Amazon.com Inc.’s hot holiday seller, the Echo speaker, is nearly sold out—except in Amazon’s brick-and-mortar stores.
On Amazon’s main website, the Echo and smaller Echo Dot devices—powered by artificial intelligence that allows customers to ask questions, control smart home devices, play music and order on Amazon—aren’t in stock until after Christmas.
However, because of a quirk in Amazon’s increasingly complex supply chain, the speakers were still on shelves as of Monday at its three brick-and-mortar bookstores, with additional chances to snag the devices at its roughly 30 pop-up store locations at malls.
Amazon.com is seen as a one-stop shop, giving consumers the ability to access millions of goods no matter their location. The spotty stock of Echo devices shows that isn’t always the case as Amazon experiments with new ways of selling goods to consumers.
“Due to demand, we encourage customers to purchase an Echo if they see it available,” said an Amazon spokeswoman.
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Last week, Jennifer Van Grove, a reporter in San Diego, wanted to buy her mom an Echo for Christmas. However, it was sold out online.
The 35-year-old thought to check Amazon’s brick-and-mortar bookstore. “I just went there right when it opened, and they actually had plenty in stock,” she said, noting they were discounted 22% to $139.99, the same price as online. She bought one on the spot.
The different ways to buy goods via Amazon is bringing it more in line with the way traditional retail has typically worked, where a hot-selling item may be available in some stores, but sold out in others.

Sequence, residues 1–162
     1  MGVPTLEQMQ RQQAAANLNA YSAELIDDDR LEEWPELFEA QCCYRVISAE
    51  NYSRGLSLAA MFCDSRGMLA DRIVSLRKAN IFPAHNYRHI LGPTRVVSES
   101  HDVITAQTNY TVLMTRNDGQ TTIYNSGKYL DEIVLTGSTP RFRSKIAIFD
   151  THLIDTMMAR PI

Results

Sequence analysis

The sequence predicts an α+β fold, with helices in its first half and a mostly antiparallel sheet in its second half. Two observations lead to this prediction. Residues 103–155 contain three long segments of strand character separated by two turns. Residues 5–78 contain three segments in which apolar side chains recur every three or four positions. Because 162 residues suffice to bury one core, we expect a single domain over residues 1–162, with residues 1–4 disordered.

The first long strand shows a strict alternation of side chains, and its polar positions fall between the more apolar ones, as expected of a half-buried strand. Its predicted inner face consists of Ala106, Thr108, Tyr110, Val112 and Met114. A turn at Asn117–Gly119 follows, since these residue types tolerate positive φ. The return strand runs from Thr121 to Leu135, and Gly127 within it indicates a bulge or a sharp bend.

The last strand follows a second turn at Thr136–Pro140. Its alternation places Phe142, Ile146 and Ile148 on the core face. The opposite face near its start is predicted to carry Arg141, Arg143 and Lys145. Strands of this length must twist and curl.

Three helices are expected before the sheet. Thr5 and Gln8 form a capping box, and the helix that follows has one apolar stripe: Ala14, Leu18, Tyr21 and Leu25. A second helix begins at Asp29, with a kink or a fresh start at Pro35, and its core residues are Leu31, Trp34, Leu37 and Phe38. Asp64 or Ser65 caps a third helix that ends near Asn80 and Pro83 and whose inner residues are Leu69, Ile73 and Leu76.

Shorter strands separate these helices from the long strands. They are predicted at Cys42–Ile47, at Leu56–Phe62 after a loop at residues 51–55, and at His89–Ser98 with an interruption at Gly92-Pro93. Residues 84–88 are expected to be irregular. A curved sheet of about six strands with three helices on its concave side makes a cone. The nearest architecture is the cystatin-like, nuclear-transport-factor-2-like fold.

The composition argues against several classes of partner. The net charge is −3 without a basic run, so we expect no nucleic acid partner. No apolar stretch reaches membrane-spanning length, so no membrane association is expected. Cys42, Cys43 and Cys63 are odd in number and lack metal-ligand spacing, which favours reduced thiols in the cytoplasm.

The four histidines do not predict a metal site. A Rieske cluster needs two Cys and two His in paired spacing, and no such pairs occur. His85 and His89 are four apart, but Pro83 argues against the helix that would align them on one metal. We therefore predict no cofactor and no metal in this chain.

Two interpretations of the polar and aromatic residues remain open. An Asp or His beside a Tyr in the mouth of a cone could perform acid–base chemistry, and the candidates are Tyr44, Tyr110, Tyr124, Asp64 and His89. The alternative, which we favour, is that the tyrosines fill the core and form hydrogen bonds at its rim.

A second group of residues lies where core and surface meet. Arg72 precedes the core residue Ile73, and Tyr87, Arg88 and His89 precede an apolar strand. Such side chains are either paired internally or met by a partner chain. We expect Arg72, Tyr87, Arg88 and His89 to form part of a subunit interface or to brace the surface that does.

Last week, after the Echo was sold out on the main site, it was still available in some of the more than 30 U.S. cities served by Prime Now, the company’s one-to-two hour delivery service for participants in Amazon’s annual $99 membership program. By Monday, the device appeared to be sold out there, too.
Demand for the Echo speakers has likely been higher than what the company forecast, supply-chain experts say, stoked by lower pricing. On Thanksgiving and the big shopping days following, Amazon said the smaller Echo Dot was the top-selling device on its website. The company has lowered the price on that device 20% to $39.99.
More than five million Echo devices were sold through the end of the third quarter, with likely millions more sold since Black Friday, estimates securities research firm Consumer Intelligence Research Partners, or CIRP. Amazon says it has sold millions of the devices.
The Echo isn’t the only hot product vanishing before Christmas. Other tech products, such as Apple Inc.’s AirPods, Nintendo Co.’s NES Classic and Pokémon Go Plus and Sony Corp.’s PlayStation VR headset, were scarce, including on Amazon.
Some products were limited runs to create buzz, experts say. In other cases, such as with certain models of Alphabet Inc.’s new Google Pixel phone, the lack of availability may have resulted from manufacturers and retailers failing to account for strong consumer demand.
“Companies are trying to keep their inventory low, because they don’t want to get stuck with a lot of excess inventory,” said John Haber, chief executive of supply-chain consultancy Spend Management Experts. Retailers this year trimmed inventory after a glut last year, which may explain some of the trend.
Amazon stocks its merchandise in 149 warehouses around the world—26 of which were built this year alone—and many of which carry millions of items that are available at the click of a button on its main website.
Some of those are smaller local hubs for goods sold through Prime Now, which has different inventory available at each. Amazon’s physical bookstores, which it began testing last year, also have their own stock.
Amazon’s Echo, released in late 2014, has been a big hit, giving the online retailer a head start in an arms race against competitors including Google and Apple. The cheaper, smaller Echo Dot was introduced earlier this year, making this the device’s first holiday season.
The Echo and Dot are still listed at their discounted prices online, even though they’re not currently available—a sign that Amazon hopes the high demand will continue past the holidays, says Michael Levin of CIRP.
“Amazon sees this as an opportunity to start getting presence in people’s homes,” he said, even if inventory runs out in some channels. “This is a land grab.”
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